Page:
Signed, sealed, defrauded
Big Interview

Signed, sealed, defrauded

Phone mobile fraud hack NEW.jpg

SMS fraud is on the rise and it’s undermining one of the most impactful channels for B2C communication. Nicky Peshwani, VP, carrier and messaging business, Bankai Group, tells Melanie Mingas how AI is tackling the scourge

The humble SMS is trusted by hundreds of millions around the world – and when it comes to its use in marketing it is a more effective tool than even email. However, today it is facing a new challenge in the security stakes.

Whether its SMShing or malware spread via seemingly legitimate URLs, the threat landscape has changed significantly since 2019. In fact, for Nicky Peshwani, VP of the carrier and messaging business at Bankai Group, fraudulent links in marketing messages are “the biggest menace today to the international and domestic messaging industry”.

“The quick-start SaaS model, combined with dubious URLs, is making it easy for criminals to infiltrate mobile marketing platforms and launch malicious campaigns,” he says.

In response, Bankai Group has pioneered a real-time URL analysis solution through AI.

Peshwani explains: “The Bankai AI team has produced an online algorithm to work on this and eliminate as many objectionable and malicious URLs as possible – across base-level domains, as well as the page, post or article levels.”

Although “no solution can eradicate fraud 100%” Peshwani explains that it can save those who subscribe to marketing communications from exposure to fraud “up to 90% for sure”.

“It is a very robust solution with a simple methodology,” Peshwani says.

“Carriers do not necessarily filter traffic, but we at Bankai have taken the initiative to get the messages through first-level filtration to protect the brand and end consumers of our partners. This in turn helps us become a credible carrier to terminate the messages worldwide,” he continues.

Calling for carriers to be vigilant against the threats, Peshwani says there are many trends within fraud and spam messaging, and points out that the prevalence of attempted hacks varies by region and country.

“Many things play a vital role in this, but mainly it’s how effectively the operator’s firewall is working. It has to be robust for all operators in the country and not just one or two,” Peshwani explains.

“We have a list of the top 20 such high-risk destinations and our RA team is very alert in such destinations, which keeps us protected and secured,” he says.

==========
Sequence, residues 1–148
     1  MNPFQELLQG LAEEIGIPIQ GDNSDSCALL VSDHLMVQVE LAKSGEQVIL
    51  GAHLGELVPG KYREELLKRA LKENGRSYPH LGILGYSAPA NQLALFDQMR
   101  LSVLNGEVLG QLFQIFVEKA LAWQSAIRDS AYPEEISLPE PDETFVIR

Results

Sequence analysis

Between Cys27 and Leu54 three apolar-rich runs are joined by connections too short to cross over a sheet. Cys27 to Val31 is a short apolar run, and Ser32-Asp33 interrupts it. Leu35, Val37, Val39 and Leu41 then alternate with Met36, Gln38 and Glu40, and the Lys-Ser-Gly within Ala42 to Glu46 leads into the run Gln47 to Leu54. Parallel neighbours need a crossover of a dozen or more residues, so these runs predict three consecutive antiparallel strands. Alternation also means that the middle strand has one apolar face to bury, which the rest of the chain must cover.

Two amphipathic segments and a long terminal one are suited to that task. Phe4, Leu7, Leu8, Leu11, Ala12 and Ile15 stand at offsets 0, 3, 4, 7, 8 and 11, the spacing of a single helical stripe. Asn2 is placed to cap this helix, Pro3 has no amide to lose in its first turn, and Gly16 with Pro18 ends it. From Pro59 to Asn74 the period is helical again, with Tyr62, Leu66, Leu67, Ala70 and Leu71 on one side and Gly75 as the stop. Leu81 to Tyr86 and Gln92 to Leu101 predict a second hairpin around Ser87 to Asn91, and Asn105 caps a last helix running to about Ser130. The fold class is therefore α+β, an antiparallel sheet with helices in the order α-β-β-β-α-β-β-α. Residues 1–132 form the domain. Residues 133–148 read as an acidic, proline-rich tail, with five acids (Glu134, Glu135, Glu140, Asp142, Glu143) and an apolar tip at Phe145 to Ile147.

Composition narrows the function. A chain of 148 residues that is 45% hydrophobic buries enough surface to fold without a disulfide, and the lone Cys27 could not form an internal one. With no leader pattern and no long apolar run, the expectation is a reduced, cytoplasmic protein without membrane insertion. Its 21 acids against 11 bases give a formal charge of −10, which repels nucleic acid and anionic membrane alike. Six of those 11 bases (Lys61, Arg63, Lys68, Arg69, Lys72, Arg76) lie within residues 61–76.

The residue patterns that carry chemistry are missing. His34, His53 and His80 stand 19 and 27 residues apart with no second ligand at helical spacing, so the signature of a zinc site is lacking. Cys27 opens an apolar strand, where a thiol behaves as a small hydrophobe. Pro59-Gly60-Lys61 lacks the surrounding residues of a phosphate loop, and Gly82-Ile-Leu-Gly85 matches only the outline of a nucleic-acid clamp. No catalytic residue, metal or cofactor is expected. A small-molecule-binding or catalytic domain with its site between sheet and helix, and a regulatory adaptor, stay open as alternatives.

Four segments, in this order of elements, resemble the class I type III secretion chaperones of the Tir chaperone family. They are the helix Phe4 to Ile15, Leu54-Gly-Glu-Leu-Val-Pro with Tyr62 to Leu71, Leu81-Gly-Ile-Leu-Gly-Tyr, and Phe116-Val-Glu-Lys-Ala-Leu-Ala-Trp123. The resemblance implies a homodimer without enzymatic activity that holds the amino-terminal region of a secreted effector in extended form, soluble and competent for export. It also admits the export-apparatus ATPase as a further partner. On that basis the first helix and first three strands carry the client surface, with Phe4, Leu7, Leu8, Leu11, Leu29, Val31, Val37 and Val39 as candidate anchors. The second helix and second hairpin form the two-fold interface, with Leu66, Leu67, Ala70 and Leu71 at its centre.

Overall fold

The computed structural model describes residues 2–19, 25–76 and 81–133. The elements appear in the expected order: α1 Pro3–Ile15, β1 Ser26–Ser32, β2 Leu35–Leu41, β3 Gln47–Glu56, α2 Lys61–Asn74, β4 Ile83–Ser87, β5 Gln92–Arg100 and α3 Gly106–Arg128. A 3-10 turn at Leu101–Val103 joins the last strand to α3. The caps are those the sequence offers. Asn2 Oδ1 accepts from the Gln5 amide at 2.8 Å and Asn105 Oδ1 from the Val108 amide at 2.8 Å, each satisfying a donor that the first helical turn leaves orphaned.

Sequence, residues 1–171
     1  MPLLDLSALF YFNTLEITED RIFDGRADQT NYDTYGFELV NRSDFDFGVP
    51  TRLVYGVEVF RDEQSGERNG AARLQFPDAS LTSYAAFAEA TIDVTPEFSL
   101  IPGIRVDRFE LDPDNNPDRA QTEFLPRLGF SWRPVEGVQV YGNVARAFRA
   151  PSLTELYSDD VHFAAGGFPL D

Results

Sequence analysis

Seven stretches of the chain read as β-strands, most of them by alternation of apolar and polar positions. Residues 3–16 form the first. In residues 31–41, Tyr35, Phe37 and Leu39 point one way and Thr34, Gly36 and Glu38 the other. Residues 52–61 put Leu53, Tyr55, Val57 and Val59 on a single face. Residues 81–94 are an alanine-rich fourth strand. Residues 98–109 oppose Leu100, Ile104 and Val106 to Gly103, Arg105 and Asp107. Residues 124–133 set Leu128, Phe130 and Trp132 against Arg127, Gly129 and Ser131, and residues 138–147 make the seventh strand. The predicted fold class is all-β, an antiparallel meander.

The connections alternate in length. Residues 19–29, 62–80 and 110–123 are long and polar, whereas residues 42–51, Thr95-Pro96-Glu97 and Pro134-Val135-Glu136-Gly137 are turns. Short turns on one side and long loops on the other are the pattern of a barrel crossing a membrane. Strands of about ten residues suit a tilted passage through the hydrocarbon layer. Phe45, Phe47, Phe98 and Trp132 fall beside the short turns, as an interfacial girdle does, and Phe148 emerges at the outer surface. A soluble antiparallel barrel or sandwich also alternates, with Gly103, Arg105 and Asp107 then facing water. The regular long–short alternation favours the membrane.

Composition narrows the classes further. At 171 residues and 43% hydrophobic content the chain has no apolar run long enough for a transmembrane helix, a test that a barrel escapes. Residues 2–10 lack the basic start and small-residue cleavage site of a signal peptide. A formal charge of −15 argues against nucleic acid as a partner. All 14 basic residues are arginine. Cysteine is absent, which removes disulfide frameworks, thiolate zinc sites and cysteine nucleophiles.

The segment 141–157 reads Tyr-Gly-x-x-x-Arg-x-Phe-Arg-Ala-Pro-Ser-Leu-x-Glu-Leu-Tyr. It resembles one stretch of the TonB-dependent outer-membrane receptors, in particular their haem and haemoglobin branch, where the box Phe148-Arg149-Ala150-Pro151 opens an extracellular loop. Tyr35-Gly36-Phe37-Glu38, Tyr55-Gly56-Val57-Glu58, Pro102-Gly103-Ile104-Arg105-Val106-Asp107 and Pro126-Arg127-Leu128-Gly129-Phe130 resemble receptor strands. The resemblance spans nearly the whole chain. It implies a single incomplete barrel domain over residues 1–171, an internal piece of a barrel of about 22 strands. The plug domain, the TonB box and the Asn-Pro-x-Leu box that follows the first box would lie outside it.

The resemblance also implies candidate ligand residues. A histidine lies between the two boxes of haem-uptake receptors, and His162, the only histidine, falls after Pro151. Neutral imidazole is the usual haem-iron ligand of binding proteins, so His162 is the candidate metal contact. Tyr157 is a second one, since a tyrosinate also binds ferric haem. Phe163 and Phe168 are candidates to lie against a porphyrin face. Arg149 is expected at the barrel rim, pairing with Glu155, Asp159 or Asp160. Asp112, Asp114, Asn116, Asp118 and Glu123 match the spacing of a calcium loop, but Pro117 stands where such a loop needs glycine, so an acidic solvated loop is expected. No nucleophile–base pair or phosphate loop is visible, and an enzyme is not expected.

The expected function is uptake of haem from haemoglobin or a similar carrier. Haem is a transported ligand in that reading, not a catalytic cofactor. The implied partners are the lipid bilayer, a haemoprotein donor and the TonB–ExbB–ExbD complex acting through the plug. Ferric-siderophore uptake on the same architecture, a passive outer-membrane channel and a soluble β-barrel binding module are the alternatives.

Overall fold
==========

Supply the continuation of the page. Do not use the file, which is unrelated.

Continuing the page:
The list features locations such as Africa, South America and “a few countries in Asia”. According to Bankai’s own data, Ethiopia and South Africa sit at the top level for spam and fraud messages, followed by Brazil and Colombia in South America, and then Nigeria.

It doesn’t mean to say that there are no frauds in the US, the UK or Australia, but Peshwani says the group is “particularly careful when handling any campaigns” in high-activity markets by going through first-level filtration.

Secure messaging in the 5G era

While some of the markets with the highest levels of fraudulent messaging are a long way from adopting 5G, the introduction of next-generation mobile networks in more developed markets will influence local threat landscapes, particularly when it comes to using those networks for IoT.

“The power of 5G is yet not fully known but it will be huge. One of the examples of 5G power is its ability to support up to a million devices per square kilometre, compared with 4G’s 100,000 devices per square kilometre,” Peshwani says.

“The surge in the number of connected devices on IoT is unimaginable. The top research companies are still trying to estimate this growth and updating their numbers quite regularly,” he adds.

Naturally, the larger network reach creates a larger attack surface for fraudsters, who can then hijack IoT devices and run DDoS/SMS attacks, which are staggered to make fraud purchases and use the subscriber’s personal data to steel their identity.

“Nevertheless, it is important that we are ready against such attacks and securing our customers,” Peshwani says.

In response, Bankai is using 256-bit elliptic-curve cryptography on its digital financial platform to make it “super secured”, with research on how to combine this with AI to tackle messaging threats, today and in the future.

Peshwani says: “We will be soon coming up with a very viable solution for this.”

In addition to Peshwani’s panel, Bankai Group is also exhibiting during ITW, showcasing its international SMS Hubbing platform, SMS Firewall, automated carrier platform – BridgeVoice Pluto, DID and inbound service, revenue management solutions, network switching solutions, monitoring solutions, and others. For those telcos looking for a foothold in fintech, Bankai Group will have specialist solutions on show, too.

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